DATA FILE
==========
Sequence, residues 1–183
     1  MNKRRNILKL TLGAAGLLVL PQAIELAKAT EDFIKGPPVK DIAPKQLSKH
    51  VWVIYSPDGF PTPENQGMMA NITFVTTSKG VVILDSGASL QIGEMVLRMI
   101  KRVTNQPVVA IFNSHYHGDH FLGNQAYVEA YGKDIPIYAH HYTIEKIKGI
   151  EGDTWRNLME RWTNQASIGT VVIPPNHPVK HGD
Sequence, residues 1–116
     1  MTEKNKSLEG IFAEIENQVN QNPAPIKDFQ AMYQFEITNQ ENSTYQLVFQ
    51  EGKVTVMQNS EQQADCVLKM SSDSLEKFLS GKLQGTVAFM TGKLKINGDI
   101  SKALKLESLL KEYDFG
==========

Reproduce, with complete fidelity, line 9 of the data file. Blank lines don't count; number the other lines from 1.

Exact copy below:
   101  SKALKLESLL KEYDFG